Increased Risk of Developing Bell’s Palsy After Vaccine
Results from a vaccine post-licensure safety study recently published in the January 2017 issue of the medical journal Pediatrics showed that a meningococcal conjugate vaccine available in the United States may be associated with an increased risk of developing Bell’s palsy.
Bell’s palsy, also called idiopathic facial paralysis, is a temporary neurological condition involving the facial nerve that causes facial droop on the affected side and may also affect taste, tears and saliva production.
Currently there are two meningococcal conjugate vaccines available in the United States, MenACWY-D (marketed as Menactra®) & MenACWY-CRM (marketed as Menveo®). The safety study, which only looked at MenACWY-CRM, showed there was an increased risk of developing Bell’s palsy in study subjects who received MenACWY-CRM in addition to another vaccine, such as one for seasonal influenza, human papilloma virus, or tetanus, diphtheria and acellular pertussis, at the same time the MenACWY-CRM was administered. Of note, there was no increased risk for developing Bell’s palsy in study subjects who received MenACWY-CRM alone.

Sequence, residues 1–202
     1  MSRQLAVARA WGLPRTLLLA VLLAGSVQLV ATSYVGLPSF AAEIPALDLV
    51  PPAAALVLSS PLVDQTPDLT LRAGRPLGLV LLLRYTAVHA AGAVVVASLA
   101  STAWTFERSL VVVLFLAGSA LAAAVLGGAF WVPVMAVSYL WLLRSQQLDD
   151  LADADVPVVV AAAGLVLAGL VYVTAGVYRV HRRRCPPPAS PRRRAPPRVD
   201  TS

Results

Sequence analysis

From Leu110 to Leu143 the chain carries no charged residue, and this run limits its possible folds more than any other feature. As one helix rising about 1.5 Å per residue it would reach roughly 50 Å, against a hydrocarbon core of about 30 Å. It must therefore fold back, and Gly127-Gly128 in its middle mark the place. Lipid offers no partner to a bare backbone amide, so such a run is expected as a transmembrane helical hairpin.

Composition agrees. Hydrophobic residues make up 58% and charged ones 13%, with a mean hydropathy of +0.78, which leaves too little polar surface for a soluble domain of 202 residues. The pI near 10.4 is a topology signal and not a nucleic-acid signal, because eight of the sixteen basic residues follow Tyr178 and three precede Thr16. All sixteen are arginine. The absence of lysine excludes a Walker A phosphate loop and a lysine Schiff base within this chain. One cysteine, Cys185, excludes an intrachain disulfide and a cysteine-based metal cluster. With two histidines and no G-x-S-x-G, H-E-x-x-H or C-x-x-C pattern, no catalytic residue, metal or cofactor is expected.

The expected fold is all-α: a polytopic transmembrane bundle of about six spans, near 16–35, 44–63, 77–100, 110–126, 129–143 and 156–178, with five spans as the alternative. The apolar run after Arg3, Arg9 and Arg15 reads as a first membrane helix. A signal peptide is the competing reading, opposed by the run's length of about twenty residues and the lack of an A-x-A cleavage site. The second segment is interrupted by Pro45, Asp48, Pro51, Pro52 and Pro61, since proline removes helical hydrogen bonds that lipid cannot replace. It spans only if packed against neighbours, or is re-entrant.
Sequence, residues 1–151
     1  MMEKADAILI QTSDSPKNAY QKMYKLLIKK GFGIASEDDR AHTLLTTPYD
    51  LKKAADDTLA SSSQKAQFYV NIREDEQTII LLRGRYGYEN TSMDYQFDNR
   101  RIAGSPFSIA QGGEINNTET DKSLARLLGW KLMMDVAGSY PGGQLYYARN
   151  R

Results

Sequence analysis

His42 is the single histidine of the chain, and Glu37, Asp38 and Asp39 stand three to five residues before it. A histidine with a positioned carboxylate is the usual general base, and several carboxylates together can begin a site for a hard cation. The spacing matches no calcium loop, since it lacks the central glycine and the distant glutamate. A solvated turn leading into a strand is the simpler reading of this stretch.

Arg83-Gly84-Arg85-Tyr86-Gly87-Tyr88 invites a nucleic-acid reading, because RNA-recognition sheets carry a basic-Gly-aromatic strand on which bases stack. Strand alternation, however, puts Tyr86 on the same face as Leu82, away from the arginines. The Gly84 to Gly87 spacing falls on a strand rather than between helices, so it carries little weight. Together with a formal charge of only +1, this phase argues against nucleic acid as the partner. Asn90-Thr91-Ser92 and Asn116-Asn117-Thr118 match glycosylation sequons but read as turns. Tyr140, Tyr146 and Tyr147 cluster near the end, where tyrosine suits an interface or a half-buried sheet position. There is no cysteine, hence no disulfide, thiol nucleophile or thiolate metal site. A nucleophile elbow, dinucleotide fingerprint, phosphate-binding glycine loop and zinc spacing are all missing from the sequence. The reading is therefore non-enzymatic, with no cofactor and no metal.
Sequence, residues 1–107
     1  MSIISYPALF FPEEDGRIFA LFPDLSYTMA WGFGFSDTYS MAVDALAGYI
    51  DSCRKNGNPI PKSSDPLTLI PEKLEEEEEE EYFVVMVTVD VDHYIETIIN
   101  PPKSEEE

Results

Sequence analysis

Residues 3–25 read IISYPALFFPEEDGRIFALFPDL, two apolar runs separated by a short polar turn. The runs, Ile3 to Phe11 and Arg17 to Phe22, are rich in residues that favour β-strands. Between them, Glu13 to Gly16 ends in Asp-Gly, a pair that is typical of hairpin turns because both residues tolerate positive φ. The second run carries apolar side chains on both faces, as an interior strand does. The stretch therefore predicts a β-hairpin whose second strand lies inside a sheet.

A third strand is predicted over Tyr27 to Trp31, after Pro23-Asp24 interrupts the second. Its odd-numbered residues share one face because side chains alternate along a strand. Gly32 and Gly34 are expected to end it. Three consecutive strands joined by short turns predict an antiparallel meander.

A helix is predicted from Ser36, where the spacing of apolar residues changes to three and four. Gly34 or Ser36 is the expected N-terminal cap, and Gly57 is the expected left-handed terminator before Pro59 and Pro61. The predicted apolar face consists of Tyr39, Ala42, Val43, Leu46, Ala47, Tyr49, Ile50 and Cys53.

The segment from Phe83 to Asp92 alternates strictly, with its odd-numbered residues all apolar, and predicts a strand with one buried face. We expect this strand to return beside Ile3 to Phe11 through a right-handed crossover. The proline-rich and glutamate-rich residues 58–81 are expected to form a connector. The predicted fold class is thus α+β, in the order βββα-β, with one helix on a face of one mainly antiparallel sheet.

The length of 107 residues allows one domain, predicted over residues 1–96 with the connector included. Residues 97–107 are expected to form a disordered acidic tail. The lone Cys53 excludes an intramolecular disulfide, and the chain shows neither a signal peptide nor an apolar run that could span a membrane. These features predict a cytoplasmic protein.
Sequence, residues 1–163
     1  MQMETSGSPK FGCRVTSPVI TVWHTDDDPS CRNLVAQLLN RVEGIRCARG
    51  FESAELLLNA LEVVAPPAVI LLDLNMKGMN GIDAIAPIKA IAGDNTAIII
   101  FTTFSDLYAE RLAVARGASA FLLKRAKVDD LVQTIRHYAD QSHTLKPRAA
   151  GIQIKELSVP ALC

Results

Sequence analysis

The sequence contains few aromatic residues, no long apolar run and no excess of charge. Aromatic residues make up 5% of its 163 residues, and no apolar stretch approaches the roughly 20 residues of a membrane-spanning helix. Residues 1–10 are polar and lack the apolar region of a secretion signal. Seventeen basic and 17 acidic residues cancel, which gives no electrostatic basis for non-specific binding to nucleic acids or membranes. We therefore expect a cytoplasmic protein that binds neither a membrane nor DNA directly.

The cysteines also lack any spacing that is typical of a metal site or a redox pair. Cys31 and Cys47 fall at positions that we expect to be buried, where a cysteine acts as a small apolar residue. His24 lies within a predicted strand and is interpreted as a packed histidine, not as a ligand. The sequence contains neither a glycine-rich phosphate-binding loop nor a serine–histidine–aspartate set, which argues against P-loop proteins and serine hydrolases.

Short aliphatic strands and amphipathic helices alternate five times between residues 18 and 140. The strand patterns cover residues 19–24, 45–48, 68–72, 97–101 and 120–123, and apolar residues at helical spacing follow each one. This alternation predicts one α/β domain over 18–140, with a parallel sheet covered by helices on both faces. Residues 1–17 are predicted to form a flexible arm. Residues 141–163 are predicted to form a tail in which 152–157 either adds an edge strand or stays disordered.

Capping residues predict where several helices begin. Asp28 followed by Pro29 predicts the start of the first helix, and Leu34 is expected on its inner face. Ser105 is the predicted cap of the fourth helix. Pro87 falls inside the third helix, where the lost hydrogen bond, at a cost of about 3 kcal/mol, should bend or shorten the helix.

Some of the study participants who developed Bell’s palsy had asymmetrical facial expressions, the vaccines they were administered are not poison, none of those who were affected died as a result of vaccine administration and the facial paralysis they experienced completely resolved over time.
While the vast majority of those who receive any vaccine experience no adverse reaction what so ever, adverse reactions can occur. If you think you or someone you know has been injured by a vaccine, compensation for the injury may be available. To find out if you qualify to file a case under the National Vaccine Injury Compensation Program get a FREE case evaluation by our experienced vaccine injury legal team.